The year 2001 was actually expected to see an increase in prices after the removal of the total marketing control order and the stagnant production estimates. This however has not happened because of over supply.
Consumption stood at 660 million kg in 2001, marginally higher than the 650 kg posted in 2000. Exports accounted for 180 million kg. About 15 million kg enters the country, often for re-exporting. According to the Tea Board, between January and November 2001, India imported 14.7 million kg of tea worth Rs 85.5 crore against 11.7 million kg (Rs 73.9 crore) in the same period of 2000. Of this at least 14.6 million kg was re-exported. Though little foreign tea entered the domestic market, even the entrepot hurts India's export volumes.
Anyway, India was left with 28 million kg over what is consumed in the domestic market and exports. Domestic consumption has been stagnant the last four years. The huge oversupply was the result of a disastrous year of exports which fell 13.1 per cent the biggest in three years to 179.8 million kg.
From the export angle, South India is the bigger player with 50 per cent of its production being despatched abroad. In 2001 South India produced 202.9 million kg of which it exported 100 million kg. North India exported 79.3 million kg. The North reported a sharper decline in exports than the South; in the latest year, North India recorded a 17 per cent fall in export volumes. The South was badly hit in 2000 when the Russian market collapsed. The reasons for the poor export performance are two: One, exports to one of the major markets have been on a decline. Russia's share in India's exports fell to 24,8 per cent in 2001 from over 40 per cent in January-October 1999 and 33 per cent in the same period of 2000. Exports in January - October 2001 dropped 25 per cent to 43, 867 tonnes. Russia still remains the largest importer of Indian tea. Exports to the UK fell by 11.3 per cent to 15, 638 tonnes during the January - October 2001.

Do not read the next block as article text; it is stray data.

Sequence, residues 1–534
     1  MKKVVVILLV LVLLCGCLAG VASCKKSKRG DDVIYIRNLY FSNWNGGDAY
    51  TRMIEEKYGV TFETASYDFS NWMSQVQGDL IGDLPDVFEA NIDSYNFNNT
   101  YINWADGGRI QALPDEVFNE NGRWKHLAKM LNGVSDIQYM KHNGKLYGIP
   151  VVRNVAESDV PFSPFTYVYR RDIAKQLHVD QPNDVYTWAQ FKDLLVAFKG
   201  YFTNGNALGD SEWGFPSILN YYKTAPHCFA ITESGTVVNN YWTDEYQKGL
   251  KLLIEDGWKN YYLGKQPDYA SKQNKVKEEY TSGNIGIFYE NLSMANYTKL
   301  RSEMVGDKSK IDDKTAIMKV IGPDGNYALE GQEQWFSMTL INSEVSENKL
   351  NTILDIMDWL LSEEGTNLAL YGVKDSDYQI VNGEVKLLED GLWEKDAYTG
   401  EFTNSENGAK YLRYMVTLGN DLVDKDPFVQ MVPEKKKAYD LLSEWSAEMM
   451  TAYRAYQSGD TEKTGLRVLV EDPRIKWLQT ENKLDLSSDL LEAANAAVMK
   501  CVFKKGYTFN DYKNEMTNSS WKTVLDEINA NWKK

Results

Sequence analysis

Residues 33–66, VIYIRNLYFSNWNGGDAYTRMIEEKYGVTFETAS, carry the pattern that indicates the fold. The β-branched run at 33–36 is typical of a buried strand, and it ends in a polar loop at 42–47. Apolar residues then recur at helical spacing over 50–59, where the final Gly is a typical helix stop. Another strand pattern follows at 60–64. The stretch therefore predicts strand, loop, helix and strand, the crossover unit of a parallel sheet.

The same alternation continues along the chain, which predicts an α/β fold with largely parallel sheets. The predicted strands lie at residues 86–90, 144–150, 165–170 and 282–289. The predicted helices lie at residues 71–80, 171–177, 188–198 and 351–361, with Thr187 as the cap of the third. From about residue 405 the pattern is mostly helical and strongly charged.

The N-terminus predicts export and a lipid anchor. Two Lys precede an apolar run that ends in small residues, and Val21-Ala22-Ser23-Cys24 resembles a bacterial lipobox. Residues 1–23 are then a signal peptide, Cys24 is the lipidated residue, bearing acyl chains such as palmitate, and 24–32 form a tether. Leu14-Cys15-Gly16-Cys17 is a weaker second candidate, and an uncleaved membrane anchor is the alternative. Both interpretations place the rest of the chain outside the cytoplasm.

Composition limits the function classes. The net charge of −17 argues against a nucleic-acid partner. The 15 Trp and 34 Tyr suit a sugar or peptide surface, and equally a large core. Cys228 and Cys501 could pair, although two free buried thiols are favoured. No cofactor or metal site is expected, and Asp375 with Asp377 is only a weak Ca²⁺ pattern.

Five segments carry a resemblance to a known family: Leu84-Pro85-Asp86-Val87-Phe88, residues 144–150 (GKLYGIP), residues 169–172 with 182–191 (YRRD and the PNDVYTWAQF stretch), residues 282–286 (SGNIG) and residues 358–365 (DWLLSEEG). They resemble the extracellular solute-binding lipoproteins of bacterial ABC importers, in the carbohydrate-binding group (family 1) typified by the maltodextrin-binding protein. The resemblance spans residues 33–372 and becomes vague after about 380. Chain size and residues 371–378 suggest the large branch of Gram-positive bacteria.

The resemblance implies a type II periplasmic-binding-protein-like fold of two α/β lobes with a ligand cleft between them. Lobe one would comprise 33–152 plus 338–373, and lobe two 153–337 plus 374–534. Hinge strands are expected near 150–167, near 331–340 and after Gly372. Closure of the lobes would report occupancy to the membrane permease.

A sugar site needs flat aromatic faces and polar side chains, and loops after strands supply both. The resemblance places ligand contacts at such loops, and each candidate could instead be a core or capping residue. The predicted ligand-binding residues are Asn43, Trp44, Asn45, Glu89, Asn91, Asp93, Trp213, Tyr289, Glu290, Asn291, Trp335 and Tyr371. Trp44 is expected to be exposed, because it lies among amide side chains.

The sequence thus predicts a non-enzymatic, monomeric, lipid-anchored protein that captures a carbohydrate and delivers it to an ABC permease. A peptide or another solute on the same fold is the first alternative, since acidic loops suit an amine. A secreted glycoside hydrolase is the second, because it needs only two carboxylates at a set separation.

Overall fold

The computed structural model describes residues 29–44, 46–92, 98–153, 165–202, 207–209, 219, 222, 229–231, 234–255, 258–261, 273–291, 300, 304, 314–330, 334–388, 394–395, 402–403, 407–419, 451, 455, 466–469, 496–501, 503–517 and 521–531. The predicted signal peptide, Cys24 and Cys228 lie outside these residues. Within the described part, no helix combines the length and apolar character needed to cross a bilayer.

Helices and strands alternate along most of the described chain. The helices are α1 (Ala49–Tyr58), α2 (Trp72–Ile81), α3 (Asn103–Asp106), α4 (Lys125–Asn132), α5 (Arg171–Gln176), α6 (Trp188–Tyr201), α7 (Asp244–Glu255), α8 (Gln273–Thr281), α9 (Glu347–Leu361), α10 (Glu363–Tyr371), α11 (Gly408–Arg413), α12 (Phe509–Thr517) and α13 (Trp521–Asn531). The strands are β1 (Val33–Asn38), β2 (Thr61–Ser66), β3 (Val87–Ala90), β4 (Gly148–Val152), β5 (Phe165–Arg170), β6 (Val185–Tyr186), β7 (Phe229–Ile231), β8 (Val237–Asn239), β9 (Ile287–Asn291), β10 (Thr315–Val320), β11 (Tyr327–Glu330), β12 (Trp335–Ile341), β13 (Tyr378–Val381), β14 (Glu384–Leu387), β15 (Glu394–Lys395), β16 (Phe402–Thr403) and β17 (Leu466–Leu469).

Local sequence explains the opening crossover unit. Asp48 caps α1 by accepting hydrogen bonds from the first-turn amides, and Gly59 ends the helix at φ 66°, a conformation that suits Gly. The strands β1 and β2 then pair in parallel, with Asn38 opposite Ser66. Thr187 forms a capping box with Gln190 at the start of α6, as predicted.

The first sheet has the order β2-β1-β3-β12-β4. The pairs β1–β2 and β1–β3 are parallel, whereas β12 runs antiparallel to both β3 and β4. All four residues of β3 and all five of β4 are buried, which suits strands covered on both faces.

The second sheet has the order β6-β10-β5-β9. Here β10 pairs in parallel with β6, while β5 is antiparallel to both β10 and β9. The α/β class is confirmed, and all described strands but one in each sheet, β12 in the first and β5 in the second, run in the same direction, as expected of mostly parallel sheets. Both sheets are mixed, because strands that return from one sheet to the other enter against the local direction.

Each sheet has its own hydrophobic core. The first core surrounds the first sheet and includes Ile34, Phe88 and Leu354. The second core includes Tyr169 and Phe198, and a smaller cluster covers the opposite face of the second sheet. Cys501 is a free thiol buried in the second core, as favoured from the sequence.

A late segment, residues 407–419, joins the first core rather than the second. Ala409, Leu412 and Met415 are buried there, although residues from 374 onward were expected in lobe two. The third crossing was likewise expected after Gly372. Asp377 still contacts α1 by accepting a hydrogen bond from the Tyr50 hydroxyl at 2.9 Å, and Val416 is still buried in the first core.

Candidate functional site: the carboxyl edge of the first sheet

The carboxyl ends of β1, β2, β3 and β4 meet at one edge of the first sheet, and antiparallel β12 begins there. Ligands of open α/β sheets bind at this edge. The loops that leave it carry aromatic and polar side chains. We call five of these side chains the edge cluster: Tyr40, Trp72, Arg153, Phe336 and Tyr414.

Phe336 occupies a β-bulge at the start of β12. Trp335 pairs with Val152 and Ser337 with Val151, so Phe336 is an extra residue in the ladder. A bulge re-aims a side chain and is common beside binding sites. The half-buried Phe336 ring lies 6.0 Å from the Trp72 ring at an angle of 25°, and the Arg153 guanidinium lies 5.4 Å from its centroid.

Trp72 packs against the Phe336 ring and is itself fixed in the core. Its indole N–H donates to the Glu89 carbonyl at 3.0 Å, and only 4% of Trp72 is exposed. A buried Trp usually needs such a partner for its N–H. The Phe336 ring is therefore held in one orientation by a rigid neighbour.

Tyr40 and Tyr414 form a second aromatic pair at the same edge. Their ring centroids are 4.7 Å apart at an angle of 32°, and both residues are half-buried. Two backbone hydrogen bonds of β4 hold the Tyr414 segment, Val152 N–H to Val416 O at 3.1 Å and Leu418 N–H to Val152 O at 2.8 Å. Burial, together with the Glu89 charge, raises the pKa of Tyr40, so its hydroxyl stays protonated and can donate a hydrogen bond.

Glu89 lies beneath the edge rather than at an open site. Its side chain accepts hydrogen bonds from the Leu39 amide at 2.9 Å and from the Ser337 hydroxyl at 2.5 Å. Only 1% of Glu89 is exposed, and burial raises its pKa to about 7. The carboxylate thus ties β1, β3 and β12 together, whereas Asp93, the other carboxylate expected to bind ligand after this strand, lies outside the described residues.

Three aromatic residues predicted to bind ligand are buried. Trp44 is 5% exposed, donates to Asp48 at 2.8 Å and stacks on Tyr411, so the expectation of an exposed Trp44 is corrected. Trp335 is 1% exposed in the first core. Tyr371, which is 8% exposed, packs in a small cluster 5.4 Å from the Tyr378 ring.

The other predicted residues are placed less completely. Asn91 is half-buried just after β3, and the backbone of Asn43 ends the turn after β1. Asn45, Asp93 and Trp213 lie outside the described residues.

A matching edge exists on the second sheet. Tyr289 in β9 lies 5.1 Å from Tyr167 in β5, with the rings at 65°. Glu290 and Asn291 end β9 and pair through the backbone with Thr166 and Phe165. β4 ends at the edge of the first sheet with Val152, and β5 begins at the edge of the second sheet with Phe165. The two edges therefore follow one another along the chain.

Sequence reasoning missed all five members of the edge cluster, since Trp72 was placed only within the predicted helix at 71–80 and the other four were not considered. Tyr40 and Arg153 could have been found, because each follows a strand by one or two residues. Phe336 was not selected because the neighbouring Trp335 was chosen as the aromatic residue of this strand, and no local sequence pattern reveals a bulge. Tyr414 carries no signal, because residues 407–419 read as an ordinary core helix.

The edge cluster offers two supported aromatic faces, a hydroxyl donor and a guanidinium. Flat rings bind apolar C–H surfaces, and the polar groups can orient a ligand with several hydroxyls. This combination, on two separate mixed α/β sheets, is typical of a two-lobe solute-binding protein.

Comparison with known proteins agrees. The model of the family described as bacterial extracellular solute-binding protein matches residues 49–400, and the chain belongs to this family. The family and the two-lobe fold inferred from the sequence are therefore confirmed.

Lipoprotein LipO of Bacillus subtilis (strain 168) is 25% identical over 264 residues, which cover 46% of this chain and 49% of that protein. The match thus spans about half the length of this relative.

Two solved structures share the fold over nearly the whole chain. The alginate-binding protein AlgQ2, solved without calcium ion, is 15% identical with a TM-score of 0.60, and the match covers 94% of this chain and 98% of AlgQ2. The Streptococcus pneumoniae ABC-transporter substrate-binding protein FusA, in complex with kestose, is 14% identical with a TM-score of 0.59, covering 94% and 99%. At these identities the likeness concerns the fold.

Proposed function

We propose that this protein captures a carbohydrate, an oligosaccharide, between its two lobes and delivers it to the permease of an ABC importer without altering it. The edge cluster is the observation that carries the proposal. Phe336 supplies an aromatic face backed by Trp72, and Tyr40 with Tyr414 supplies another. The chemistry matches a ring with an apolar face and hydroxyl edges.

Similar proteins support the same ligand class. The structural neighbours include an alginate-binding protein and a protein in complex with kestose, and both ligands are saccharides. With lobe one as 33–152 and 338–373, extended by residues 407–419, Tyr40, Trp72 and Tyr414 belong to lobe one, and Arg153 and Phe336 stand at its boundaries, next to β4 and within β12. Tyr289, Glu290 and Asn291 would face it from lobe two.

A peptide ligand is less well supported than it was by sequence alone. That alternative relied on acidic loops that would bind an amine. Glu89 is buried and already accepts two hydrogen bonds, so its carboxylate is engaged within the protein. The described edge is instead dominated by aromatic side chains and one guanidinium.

Two, the stiff competition from Kenya, Sri Lanka, China, Indonesia and Vietnam. While our exports declined, that of Kenya and China rose. Good weather and favourable policies were conducive for the small growers, which is propelling growth in the country. This is a worrying sign for our market.
Export realisations have been the lowest in three years. In 1998, export realisation stood at Rs 2309.4 crore. Since then it has fallen 30.5 per cent to Rs 1604.5 crore. World auction prices have also fallen by 30 per cent from Rs 185 per kg in 1998 to Rs 130 in 2001.
North Indian teas fetch twice as much as South Indian teas because of their quality and the markets they cater to. North Indian teas cater to the American and British markets, while South Indian teas go to the CIS market, which offer lower realisations. So far in 2002, Indian teas seem to be fetching some of the lowest prices in the international market. While Sri Lankan and Kenyan teas fetch Rs 155-159 per kg, Indian teas do not cross the Rs 100 mark. Quality is a major factor and that is why India's exports are suffering.